Darrell Issa one of the wealthiest members of Congress, with a net worth of anywhere from $220 to 450 million, is the Chairman of the House Oversight and Government Reform Committee. He served in the Army as an Explosive Ordinance Technician. He stated that his unit provided security for Richard Nixon and swept for bombs prior to the games of the 1971 World Series. In 1998, the San Francisco Examiner showed that this was not true and that Richard Nixon did not go to the World Series that year. Issa also stated that he had received the highest approval ratings during his service, the investigation showed that Issa was transferred to a supply depot after receiving an unsatisfactory evaluation. Issa stated that the reporter misunderstood the anectode Issa told. Jay Bergey claimed Issa stole his Dodge Charger. After Issa was confronted by Bergey, the car was found abandoned on a nearby expressway. Issa has denied that he stole it claiming that other soldiers took the car or that Bergey who Issa alleges had a drinking problem, abandoned it when he was intoxicated. In 1972, Issa was arrested twice. The first time was for the theft of a Maserati. He claims it was a case of mistaken identity and the charge was dismissed. The second one was for driving the wrong way down a one way street and had a fire arm in the glove compartment. He was charged for having a concealed weapon but pleaded guilty to a lesser charge of having an unregistered firearm. He stated that he thought the charge was expunged. The Watchdog Institute, an independent nonprofit reporting center based at San Diego State University, alleged that Issa built a team that included staff members with close connections to industries that could benefit from his investigations. After the 2010 elections, Issa sent a letter to more than 150 trade associations, companies, and think tanks asking them which proposed regulations would harm job growth. Elijah Cummings, the leading Democrat on the House Committee on Oversight and Government Reforms, criticized his actions. In 2011, the group American Family Voices filed a complaint with the Office of Congressional Ethics, stating that Issa has repeatedly used his public office for financial gain.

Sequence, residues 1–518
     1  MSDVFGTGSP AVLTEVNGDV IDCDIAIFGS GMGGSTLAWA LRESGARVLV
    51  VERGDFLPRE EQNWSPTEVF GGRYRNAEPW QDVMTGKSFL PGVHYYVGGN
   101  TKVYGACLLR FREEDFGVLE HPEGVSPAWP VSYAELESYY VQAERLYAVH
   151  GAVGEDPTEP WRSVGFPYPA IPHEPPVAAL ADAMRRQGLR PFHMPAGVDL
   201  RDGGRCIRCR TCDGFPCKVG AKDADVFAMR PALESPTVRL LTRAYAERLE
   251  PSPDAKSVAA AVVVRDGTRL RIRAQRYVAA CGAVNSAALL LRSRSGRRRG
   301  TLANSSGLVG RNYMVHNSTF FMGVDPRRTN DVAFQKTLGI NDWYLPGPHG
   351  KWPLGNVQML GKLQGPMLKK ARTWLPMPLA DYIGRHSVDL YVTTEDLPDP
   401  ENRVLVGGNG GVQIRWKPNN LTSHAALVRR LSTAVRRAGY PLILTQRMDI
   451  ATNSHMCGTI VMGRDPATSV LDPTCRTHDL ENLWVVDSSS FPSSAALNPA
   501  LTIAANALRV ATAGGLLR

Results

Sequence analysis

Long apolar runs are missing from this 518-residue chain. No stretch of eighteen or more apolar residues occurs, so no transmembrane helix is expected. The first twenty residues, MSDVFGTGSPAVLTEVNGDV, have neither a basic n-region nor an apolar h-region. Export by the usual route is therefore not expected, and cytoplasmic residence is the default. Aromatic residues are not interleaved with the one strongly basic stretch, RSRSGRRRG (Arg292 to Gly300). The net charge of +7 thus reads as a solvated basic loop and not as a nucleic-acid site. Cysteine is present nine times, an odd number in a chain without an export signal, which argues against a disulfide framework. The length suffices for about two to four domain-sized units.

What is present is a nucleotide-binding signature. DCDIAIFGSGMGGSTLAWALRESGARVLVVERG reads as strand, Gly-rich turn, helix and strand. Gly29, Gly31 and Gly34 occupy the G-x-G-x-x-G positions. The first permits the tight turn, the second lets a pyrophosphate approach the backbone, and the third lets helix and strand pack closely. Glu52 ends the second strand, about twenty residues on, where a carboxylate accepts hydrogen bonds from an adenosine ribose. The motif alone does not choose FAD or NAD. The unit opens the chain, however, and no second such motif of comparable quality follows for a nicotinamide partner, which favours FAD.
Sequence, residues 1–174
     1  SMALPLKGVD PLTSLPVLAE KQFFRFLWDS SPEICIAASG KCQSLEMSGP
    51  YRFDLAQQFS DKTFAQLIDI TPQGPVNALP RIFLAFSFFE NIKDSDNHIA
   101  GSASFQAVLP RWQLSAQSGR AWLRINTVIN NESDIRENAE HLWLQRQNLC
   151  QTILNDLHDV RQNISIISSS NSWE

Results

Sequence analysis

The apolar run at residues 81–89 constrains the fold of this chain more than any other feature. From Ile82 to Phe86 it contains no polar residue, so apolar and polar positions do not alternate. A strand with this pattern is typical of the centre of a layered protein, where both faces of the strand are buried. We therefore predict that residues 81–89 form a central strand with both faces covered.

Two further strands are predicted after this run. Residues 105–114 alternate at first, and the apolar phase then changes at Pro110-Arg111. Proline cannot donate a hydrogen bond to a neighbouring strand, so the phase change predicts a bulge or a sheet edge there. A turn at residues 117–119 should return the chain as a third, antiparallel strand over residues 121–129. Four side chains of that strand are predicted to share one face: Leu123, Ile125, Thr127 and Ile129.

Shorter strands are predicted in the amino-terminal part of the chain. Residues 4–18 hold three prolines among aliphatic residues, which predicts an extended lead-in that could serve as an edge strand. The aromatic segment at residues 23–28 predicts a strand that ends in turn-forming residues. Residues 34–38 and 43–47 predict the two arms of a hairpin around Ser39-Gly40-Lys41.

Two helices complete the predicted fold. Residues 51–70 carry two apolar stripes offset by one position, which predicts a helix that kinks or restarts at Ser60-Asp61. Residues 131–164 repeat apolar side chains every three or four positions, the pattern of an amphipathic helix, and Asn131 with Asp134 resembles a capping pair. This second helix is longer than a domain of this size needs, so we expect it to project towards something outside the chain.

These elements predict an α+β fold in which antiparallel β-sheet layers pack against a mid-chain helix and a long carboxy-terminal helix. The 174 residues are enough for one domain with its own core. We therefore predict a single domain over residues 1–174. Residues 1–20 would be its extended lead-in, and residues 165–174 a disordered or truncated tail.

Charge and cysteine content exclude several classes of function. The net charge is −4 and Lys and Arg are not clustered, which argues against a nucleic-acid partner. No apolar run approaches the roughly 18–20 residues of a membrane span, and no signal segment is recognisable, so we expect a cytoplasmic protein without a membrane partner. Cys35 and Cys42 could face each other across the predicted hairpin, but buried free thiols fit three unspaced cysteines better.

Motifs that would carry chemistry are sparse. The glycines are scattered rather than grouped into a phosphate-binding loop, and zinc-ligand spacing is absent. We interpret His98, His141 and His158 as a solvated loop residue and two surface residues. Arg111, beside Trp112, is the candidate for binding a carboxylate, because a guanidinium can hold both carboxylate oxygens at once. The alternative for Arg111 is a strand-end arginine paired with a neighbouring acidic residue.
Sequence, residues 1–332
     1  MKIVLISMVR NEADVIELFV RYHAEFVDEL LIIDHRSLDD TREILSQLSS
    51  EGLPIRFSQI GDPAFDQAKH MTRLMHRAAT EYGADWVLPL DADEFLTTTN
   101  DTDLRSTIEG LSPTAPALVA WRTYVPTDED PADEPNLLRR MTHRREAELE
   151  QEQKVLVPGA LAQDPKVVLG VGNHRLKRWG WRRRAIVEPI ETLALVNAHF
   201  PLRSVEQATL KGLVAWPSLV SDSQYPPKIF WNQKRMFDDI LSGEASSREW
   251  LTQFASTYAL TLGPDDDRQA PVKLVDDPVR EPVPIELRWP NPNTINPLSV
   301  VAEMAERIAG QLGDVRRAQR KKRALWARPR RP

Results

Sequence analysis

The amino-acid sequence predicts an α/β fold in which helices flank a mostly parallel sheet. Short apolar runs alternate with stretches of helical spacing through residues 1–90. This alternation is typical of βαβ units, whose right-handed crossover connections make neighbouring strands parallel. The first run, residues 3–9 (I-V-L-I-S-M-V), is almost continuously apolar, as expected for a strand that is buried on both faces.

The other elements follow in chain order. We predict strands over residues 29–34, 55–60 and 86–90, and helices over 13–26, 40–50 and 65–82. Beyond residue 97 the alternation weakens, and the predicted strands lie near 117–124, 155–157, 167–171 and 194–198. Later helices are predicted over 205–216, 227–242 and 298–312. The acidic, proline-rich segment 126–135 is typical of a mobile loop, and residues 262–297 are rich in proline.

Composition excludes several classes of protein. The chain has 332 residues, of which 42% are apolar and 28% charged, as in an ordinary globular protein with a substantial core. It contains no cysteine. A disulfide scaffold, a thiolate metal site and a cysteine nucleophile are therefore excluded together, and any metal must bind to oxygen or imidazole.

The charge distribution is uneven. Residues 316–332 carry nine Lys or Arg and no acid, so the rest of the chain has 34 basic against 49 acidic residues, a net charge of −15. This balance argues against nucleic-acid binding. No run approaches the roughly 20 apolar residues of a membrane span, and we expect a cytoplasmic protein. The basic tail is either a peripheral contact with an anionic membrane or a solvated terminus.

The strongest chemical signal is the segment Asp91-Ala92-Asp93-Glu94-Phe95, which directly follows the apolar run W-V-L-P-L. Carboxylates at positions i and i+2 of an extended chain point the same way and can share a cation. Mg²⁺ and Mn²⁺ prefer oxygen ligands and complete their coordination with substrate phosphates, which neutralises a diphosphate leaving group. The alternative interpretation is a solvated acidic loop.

I should list, at least, one good thing about Issa. In 2010, Project in Government Oversight presented Issa with its Good Government Award for his contributions to government oversight and transparency.